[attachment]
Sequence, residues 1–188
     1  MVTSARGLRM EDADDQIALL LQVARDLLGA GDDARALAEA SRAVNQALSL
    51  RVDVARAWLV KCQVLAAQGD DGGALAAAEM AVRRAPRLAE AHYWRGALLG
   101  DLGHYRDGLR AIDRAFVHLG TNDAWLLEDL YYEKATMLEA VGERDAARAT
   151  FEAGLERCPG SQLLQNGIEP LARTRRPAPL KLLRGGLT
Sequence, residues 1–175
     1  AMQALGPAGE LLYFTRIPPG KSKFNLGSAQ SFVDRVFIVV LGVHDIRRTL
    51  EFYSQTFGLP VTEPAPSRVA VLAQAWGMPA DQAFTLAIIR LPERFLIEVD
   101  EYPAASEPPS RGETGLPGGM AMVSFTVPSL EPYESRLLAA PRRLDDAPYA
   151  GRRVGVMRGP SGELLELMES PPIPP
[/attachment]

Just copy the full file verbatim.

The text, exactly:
Sequence, residues 1–188
     1  MVTSARGLRM EDADDQIALL LQVARDLLGA GDDARALAEA SRAVNQALSL
    51  RVDVARAWLV KCQVLAAQGD DGGALAAAEM AVRRAPRLAE AHYWRGALLG
   101  DLGHYRDGLR AIDRAFVHLG TNDAWLLEDL YYEKATMLEA VGERDAARAT
   151  FEAGLERCPG SQLLQNGIEP LARTRRPAPL KLLRGGLT
Sequence, residues 1–175
     1  AMQALGPAGE LLYFTRIPPG KSKFNLGSAQ SFVDRVFIVV LGVHDIRRTL
    51  EFYSQTFGLP VTEPAPSRVA VLAQAWGMPA DQAFTLAIIR LPERFLIEVD
   101  EYPAASEPPS RGETGLPGGM AMVSFTVPSL EPYESRLLAA PRRLDDAPYA
   151  GRRVGVMRGP SGELLELMES PPIPP